Here are the best films from the 2022 Toronto International Film Festival The first fully reopened edition of TIFF concludes this weekend. But with a film industry still reeling from box office declines and changing audience habits, the award season remains in flux.

Here are the breakthrough films that premiered at this year's Toronto Film Festival

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Red carpets, Steven Spielberg, Harry Styles with a purse - the first post-COVID edition of the Toronto International Film Festival is underway in Canada. It's North America's biggest film festival, and Hollywood studios came out in full force with all their award season hopefuls. NPR's Bilal Qureshi is just back from Toronto. Hey there, Bilal.


KELLY: I remember talking to you right at this time last year. You were at the first reopened festival, and you were telling me how bleak and empty it was. It sounds like a different scene this year.

QURESHI: Yeah - completely different. I think rules to get into Canada were a lot easier, so I think now you have a real reopening and with it all the entourages that go with the festival at Toronto, which is a street festival in a way 'cause the whole city sort of feels like it's participating. And I was fully back.

KELLY: Oh, sounds so much fun. OK, so let's get to the actual movies. And I suppose the big question surrounding movies these days, are people going to go back to the cinema? Will people come watch these in person? Bilal, did you see films that are going to lure us back to cinemas?

QURESHI: Definitely in terms of the scale and the kind of star power that was there, yes, but I also would say that many filmmakers tried to address your question directly by saying, this is why we love movies. This is why movies are made. Movies about the movies seem to be a big theme in the festival - nothing sort of bigger than Steven Spielberg, who made his Toronto debut with a very autobiographical and wistful memoir called "The Fabelmans," which is inspired by his childhood and his parents. And it's about how he became a filmmaker, and it's an argument for the movies as well.


SETH ROGEN: (As Benny) You stop making movies, it'll break your mother's heart.

KELLY: All right - a little taste there of what Steven Spielberg has in store for us. What about - often at Toronto, we see movies that then are headed to Oscar contender status. Did you see anything that has Academy Award material written all over it?

QURESHI: Well, I mean, "The Fabelmans," of course, and his - and Steven Spielberg's mother is played by Michelle Williams, who I think has been talked about a lot as probably the best supporting actress nominee. "The Whale," which is a new film from Darren Aronofsky and sort of stars Brendan Fraser making his return after some years away, has been divisive as a movie because it's about a morbidly obese man withdrawn, and it's, you know, in prosthetics and such. And that has been divisive. But I think his - Brendan Fraser's performance has been really acclaimed. But I would say that in general, the broader sense was that unlike previous years, people weren't only talking about the Oscars. They were really just kind of in excitement of the wide range of things that are coming.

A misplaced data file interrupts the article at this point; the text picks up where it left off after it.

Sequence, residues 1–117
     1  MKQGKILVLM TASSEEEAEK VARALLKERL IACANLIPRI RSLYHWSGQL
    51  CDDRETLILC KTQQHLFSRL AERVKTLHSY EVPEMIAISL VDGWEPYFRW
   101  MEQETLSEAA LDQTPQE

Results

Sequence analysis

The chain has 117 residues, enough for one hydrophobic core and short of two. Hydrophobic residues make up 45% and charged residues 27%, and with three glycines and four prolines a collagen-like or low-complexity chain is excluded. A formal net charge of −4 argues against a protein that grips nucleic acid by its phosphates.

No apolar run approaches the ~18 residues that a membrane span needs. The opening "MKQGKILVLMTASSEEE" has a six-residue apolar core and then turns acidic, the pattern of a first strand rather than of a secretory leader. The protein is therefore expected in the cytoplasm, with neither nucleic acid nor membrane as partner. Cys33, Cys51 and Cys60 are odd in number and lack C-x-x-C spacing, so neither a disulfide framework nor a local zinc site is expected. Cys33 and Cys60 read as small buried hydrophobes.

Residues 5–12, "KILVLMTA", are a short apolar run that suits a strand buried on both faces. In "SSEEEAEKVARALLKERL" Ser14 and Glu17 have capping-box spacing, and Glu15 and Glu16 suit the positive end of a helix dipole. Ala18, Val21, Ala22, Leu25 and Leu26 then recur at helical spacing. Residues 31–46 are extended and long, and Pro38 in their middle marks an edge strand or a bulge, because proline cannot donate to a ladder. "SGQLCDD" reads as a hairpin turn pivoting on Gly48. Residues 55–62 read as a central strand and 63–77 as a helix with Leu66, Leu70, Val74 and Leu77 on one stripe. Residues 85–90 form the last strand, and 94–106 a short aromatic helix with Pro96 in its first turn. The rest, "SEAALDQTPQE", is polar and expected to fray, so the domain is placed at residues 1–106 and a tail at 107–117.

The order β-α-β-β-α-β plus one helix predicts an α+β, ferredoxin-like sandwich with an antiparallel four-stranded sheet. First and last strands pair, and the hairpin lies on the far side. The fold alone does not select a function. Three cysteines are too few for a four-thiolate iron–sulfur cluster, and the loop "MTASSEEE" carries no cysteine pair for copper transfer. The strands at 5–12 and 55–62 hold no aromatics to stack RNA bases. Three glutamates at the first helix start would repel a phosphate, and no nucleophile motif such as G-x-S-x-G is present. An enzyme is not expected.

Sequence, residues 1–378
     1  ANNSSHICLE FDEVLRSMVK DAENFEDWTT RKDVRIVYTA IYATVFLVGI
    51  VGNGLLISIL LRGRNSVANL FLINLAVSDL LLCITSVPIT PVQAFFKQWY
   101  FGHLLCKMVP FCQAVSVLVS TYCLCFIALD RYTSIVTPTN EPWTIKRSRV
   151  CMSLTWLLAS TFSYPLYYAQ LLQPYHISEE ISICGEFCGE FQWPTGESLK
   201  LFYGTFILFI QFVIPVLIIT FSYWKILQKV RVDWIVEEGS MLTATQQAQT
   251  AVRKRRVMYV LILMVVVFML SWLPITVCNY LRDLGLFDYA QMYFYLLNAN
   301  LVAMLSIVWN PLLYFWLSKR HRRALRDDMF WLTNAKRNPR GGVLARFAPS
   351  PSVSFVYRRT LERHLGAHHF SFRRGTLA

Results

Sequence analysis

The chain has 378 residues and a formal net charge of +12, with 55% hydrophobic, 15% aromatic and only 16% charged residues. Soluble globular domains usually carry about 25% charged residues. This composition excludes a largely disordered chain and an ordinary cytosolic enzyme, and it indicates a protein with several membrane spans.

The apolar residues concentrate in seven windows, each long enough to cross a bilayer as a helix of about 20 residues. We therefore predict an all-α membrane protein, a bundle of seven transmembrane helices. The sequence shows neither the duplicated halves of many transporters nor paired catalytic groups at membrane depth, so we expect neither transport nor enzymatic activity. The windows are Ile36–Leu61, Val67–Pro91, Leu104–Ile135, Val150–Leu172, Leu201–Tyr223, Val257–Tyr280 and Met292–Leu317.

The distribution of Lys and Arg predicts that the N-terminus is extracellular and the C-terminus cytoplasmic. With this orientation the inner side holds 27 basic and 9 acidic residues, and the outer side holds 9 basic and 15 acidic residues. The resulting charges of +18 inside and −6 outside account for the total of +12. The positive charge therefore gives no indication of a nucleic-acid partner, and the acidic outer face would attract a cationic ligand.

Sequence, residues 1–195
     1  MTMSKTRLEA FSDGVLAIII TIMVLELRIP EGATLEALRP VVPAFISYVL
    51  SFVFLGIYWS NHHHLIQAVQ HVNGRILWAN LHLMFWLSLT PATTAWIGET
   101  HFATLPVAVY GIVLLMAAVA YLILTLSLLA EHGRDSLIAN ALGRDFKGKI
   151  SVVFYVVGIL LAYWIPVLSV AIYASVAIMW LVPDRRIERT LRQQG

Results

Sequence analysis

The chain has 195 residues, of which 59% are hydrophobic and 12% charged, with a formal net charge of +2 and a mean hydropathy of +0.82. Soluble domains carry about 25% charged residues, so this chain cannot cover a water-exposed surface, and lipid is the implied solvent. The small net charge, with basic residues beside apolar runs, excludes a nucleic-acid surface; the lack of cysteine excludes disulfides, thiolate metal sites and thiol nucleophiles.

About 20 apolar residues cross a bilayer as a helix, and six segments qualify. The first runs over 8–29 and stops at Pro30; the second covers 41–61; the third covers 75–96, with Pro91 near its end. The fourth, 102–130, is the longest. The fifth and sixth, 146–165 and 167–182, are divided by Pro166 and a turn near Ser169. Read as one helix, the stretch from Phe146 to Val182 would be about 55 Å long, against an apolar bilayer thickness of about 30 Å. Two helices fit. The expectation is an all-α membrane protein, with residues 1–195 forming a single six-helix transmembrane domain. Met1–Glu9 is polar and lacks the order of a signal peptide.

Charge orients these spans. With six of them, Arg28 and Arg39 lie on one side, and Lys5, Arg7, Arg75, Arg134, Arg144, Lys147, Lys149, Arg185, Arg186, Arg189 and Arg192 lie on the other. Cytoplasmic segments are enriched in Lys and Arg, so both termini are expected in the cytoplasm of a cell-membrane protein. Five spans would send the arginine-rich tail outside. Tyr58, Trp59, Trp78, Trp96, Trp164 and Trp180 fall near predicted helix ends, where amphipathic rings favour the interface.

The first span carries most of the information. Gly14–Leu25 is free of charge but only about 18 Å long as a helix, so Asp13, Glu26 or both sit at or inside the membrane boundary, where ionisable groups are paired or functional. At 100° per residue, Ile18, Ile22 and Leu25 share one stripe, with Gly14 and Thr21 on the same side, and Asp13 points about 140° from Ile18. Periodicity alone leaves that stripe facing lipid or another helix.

KELLY: Bilal, what was your favorite thing that you saw?

QURESHI: Well, I saw a few things that I liked, and one was this new gay rom-com "Bros," which was the first major studio film to have kind of an all-LGBTQ cast in a kind of rom-com mold. And that's by Billy Eichner, and he stars in it.


BILLY EICHNER: (As Bobby Lieber) I love my life. I love my freedom. I love my independence.

JUSTIN COVINGTON: (As Paul) That's kind of sad.

EICHNER: (As Bobby Lieber) That I don't want to be in a throuple? I don't even want to be in a couple.

QURESHI: It's really fantastic, kind of an R-rated studio comedy in the spirit of, like, "Bridesmaids" and "Trainwreck," but also a really sharp satire of contemporary identity politics. I also loved the new movie from Sam Mendes called "Empire Of Light" that stars Olivia Colman, Colin Firth and Toby Jones as employees of a movie theater in 1980s England - again, another movie that makes the argument for movies. And I also really loved the documentary "Moonage Daydream" about David Bowie. That is designed for IMAX and is probably the best sonic, visual and, of course, David Bowie experience you could have in an IMAX theater, so it was amazing.


DAVID BOWIE: (Singing) We can be heroes.

KELLY: Ah, and - well, and I will share. I know the director of that one is Brett Morgen, which I know because we have him on the show elsewhere tonight.

QURESHI: Oh, amazing.

KELLY: Yeah, people can look forward to that. NPR's Bilal Qureshi giving us the readout from the Toronto International Film Festival. Thanks, Bilal.

QURESHI: Thank you so much, Mary Louise.

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